Explore Hue’s landmark attraction, the Citadel. Originally constructed in 1804 as the seat of imperial government, it is comprised of six-foot thick brick ramparts and 10 fortified gates, all encircled by a 100-foot wide moat.
For lunch, dine like the Hue royals at Tinh Gia Vien, a wonderful old Hue-style garden villa on a quiet side street. Formerly the residence of a princess, the restaurant was converted by a bonsai enthusiast, and serves Imperial cuisine.
Take a cruise along the Perfume River, during which your expert guide will explain the eight relatively intact royal tombs scattered along the river valley. Each was built when the emperor was still alive and was meticulously planned right down to the last detail.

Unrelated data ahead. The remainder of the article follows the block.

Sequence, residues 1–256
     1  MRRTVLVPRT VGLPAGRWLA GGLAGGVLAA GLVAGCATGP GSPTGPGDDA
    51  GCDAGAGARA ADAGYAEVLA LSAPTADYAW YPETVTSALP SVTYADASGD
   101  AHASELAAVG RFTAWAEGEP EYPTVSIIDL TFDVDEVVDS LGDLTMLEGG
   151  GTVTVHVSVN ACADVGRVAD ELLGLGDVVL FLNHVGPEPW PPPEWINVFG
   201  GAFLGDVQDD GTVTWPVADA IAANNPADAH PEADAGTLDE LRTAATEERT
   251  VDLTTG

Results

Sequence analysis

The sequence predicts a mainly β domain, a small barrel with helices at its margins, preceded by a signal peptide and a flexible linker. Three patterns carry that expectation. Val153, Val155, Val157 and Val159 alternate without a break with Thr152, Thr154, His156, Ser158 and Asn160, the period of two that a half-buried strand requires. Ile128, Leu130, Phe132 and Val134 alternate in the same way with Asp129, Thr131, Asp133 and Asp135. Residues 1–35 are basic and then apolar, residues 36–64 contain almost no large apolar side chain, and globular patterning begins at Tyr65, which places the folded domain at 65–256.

Built in 1845, this wooden palace houses relics and fine art from the Nguyen Dynasty, the last imperial dynasty in Vietnam. The museum’s extensive collection includes 150-year-old glass paintings, court robes, head gear, ceramics, plus musical instruments, utensils and other decorative artifacts made from precious stones, bone, ivory, enamel and bronze.